In the late 90’s it seemed everyone was making custom parts for their bike. It died out for almost a decade until now. What took you down the path of creating custom drop outs, linkages, and stems?
Yea, that was certainly the hay day for proto stuff. I think everything comes and goes in waves depending on the companies involved, the current track demands and of course the socioeconomic status of the industry. Now that the baseline complete bikes have become so good I think you’re seeing proto stuff come back in.
As far as taking this path, I always wanted to work in product development when I was growing up – I have always liked functional design and bike companies were always atop the list. There were a few years there where I really struggled to find purpose at work as I felt that my interests and character traits were just better suited somewhere else.
When COVID came around I’d recently moved back to the Surf Coast and was working and teaching at the university from home. Considering the circumstances and the timing I decided to commit the funds I would’ve spent going racing into WRP.
I made a few parts for friends and from there it just kind of manifested into something that I always dreamt of, but never expected to grow so fast.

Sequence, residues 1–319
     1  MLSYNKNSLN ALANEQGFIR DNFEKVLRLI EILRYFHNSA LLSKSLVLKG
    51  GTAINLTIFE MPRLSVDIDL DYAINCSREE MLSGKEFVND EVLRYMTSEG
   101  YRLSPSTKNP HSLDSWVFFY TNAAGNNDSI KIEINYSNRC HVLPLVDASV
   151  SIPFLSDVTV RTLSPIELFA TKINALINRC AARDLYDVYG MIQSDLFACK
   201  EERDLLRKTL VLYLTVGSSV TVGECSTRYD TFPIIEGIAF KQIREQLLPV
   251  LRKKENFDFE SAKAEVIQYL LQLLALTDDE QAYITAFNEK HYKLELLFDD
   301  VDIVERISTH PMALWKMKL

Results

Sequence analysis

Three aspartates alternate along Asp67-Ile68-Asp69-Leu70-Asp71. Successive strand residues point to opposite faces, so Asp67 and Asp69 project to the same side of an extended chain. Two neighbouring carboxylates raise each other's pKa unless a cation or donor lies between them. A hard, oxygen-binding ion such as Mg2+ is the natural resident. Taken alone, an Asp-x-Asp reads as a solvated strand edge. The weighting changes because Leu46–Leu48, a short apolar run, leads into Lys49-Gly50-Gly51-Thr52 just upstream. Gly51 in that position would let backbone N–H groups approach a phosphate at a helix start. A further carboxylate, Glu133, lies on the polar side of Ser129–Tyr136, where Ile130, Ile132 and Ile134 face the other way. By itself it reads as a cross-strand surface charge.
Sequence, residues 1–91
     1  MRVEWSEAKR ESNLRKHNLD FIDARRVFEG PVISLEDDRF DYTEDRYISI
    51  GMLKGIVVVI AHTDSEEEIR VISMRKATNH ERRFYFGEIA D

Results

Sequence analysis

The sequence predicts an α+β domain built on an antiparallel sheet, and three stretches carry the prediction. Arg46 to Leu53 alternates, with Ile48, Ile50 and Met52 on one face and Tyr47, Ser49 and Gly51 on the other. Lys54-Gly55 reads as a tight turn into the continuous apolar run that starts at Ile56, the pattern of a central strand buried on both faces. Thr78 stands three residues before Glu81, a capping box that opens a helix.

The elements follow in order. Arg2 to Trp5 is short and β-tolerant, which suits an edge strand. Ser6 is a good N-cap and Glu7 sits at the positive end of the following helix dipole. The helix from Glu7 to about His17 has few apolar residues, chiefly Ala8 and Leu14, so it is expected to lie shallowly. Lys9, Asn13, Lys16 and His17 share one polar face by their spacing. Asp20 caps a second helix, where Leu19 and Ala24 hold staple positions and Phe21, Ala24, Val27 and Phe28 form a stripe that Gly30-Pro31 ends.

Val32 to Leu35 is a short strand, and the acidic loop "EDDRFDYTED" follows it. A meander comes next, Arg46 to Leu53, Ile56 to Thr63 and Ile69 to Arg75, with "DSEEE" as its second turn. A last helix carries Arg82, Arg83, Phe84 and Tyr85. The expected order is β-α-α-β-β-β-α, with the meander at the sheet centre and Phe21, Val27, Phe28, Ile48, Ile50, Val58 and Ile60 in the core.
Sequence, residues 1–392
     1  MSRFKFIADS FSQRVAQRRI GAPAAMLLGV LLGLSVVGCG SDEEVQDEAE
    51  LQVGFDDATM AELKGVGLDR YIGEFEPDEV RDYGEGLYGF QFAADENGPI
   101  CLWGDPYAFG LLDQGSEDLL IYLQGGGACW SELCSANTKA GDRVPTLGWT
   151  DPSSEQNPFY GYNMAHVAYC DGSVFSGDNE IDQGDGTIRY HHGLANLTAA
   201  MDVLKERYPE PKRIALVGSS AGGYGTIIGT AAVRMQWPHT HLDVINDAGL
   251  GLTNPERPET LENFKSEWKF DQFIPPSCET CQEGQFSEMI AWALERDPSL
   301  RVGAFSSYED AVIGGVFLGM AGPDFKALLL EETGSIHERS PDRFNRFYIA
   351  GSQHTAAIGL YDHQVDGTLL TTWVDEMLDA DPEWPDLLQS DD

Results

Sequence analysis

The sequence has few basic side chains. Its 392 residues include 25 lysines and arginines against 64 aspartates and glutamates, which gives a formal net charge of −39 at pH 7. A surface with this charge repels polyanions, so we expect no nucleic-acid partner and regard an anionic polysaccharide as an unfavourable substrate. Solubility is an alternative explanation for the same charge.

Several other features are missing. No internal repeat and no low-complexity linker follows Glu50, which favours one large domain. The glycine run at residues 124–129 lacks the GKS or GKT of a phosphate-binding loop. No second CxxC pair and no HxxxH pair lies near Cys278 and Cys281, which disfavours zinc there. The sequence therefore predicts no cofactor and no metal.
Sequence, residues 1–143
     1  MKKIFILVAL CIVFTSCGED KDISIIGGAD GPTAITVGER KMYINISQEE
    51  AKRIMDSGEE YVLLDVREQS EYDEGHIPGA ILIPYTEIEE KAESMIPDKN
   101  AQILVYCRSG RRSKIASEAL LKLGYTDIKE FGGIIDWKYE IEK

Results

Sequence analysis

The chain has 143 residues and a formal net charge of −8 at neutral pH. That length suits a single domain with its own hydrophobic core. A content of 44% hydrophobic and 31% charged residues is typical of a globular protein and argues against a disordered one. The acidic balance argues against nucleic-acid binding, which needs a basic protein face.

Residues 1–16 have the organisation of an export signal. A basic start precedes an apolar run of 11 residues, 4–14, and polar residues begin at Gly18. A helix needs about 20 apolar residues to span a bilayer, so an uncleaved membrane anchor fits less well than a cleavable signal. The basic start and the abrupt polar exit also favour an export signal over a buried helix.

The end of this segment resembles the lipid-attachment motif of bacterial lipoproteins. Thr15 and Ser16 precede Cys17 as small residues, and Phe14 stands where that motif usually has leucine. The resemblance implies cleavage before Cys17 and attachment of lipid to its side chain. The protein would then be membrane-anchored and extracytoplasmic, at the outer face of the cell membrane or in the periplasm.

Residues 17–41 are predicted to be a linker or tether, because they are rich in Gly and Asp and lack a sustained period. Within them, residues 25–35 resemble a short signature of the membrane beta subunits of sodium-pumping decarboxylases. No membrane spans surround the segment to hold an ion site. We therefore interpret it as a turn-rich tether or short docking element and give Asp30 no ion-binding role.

Where does the Passion and drive to create such a unique product come from?
Good question. I know I daydream a lot and am a fairly open thinker, while trying to maintain a focus on pragmatism. But apart from that I’m going to be really cliche and say that it happens really authenticity, mainly just because I love riding bikes and everything that comes with it – including the equipment and the people in the riding community. When I see someone stoked on a product that I’ve made it makes me happy and makes me want to make more people stoked on more custom products, all the while being made here in Australia. As an example, all our polished parts I finish by hand with a cloth and polishing paste, so and when I see it bolted to someone else’s bike on the other side of the world that just makes me really happy.